• It is also common for the Police to refer matters to Social Services, for example in instances where domestic violence between adults could potentially result in harm to the children.

Can Social Services remove my children from me?

If Social Services believe that your child is at risk of suffering significant harm if they remain with you, they can (if certain criteria are satisfied) apply to the Court and request an Order for the removal of your child from your care. These proceedings are known as care proceedings.

However, issues that Social Services have with your care of your children can be resolved without the need for care proceedings

How can I avoid care proceedings?

If a Social Worker becomes concerned about the welfare of your child, in most cases they will firstly arrange a meeting with both parents to see if it is possible to reach agreement about what needs to happen to protect your child from harm, so that Court proceedings can be avoided.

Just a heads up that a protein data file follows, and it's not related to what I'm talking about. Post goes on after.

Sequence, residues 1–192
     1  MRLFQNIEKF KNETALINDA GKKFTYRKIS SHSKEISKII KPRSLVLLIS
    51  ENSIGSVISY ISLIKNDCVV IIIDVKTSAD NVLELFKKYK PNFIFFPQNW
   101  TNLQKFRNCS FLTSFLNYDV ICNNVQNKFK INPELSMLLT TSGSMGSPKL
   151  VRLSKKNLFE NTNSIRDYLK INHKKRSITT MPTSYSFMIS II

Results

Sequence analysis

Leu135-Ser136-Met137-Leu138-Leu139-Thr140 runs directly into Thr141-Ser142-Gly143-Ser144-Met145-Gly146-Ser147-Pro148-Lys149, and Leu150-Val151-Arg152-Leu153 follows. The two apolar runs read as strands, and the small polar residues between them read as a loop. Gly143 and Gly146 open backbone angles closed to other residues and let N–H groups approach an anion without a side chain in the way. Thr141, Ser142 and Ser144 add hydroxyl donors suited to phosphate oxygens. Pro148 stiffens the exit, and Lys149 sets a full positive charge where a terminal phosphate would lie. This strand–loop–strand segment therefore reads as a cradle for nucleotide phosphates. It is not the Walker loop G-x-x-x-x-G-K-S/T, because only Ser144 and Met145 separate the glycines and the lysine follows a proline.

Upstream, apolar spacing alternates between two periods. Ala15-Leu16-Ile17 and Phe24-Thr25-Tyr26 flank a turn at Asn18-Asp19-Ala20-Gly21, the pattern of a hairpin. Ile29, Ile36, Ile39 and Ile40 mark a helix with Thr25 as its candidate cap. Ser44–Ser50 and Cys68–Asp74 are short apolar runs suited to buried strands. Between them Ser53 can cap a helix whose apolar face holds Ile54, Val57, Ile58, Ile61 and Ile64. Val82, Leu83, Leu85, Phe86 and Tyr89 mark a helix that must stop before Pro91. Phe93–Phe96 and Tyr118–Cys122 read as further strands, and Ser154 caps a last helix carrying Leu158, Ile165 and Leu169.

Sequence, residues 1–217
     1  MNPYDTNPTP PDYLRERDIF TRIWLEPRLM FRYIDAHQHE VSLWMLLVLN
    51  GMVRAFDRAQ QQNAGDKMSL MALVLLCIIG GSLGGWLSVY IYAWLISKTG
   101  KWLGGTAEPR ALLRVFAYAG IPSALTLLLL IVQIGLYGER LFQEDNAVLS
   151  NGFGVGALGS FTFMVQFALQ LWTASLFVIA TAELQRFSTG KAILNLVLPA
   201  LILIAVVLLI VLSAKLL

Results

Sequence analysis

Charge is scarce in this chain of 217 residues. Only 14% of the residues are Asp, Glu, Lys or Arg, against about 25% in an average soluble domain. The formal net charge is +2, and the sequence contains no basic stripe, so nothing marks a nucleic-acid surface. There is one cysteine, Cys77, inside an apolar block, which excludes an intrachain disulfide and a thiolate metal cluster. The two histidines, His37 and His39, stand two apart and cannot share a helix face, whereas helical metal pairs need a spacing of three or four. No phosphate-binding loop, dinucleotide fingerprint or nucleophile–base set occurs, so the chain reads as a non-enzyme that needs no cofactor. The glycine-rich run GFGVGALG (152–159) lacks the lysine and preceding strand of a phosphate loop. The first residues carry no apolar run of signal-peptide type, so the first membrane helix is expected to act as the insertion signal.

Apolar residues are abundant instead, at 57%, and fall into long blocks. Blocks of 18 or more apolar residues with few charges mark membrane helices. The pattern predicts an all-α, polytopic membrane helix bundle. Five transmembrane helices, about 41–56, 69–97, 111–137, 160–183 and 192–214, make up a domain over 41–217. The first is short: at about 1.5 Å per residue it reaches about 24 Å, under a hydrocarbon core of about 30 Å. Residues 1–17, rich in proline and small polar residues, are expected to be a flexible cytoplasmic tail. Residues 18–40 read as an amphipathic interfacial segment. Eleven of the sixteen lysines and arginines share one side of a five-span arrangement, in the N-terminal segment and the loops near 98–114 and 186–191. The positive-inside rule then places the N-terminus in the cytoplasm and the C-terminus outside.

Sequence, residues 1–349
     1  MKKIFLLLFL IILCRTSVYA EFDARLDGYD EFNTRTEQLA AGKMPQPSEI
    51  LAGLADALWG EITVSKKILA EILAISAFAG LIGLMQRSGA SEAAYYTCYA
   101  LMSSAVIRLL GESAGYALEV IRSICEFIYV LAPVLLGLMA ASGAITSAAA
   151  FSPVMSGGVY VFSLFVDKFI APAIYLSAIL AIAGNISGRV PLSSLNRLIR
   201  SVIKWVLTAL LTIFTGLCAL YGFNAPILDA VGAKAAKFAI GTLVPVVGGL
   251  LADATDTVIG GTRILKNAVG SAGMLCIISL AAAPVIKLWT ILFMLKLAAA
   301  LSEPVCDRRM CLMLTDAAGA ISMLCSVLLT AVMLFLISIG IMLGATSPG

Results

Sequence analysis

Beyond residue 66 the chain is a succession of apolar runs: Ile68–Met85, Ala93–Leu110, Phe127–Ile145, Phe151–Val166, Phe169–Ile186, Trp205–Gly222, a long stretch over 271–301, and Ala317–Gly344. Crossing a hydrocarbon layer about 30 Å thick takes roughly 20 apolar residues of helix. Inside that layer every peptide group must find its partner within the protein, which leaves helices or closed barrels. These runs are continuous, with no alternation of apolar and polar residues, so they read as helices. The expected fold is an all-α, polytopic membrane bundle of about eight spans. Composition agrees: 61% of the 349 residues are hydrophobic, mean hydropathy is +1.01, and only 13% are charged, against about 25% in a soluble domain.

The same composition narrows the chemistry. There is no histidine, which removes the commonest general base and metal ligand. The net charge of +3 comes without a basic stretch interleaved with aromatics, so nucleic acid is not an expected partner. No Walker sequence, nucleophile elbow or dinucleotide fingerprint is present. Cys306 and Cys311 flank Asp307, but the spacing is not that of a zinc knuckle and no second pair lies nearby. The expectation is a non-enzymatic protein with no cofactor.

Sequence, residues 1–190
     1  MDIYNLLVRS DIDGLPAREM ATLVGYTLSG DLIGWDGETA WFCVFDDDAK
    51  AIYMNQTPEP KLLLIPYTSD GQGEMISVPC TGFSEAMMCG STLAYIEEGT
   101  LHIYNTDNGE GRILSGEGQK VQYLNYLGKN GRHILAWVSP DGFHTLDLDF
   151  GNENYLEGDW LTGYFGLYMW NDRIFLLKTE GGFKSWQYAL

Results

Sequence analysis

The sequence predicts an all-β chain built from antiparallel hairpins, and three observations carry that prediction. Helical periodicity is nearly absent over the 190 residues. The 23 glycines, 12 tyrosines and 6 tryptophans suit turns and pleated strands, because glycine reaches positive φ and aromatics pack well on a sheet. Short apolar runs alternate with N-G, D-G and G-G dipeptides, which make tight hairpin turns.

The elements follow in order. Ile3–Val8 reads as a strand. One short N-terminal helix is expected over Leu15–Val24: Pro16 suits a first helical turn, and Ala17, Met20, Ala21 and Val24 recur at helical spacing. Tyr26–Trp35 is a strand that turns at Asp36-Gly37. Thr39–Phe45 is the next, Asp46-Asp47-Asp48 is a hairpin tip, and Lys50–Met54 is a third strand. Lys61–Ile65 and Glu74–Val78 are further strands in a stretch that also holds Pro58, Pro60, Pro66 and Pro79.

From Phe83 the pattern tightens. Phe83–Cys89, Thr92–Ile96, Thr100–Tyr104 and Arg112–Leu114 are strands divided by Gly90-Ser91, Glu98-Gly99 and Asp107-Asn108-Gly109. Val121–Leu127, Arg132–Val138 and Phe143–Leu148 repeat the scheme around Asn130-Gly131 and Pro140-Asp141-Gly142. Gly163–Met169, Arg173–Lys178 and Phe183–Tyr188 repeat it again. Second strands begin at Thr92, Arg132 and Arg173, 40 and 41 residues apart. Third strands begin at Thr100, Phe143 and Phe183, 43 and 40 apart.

This meeting is known as a pre-proceedings meeting.

The Social Worker is required to send both parents a letter inviting them to attend at this meeting.  This letter will also set out in detail and in plain language exactly what the concerns are and exactly what Social Services suggest should be done to deal with these concerns and avoid Court proceedings. It is very important for parents to attend at a pre-proceedings meeting with Social Services.

Am I entitled to legal representation at a pre-proceedings meeting?

Yes, each parent is entitled to bring a legal representative with them to a pre-proceedings meeting and they will be entitled to Legal Aid to cover any legal costs, regardless of their income.

What if I do not attend at the pre-proceedings meeting?

If there is a failure to engage in this process for whatever reason, this may result in Social Services issuing care proceedings in respect of your child.

If you receive a letter from Social Services inviting you to a pre-proceedings meeting you should seek legal advice immediately.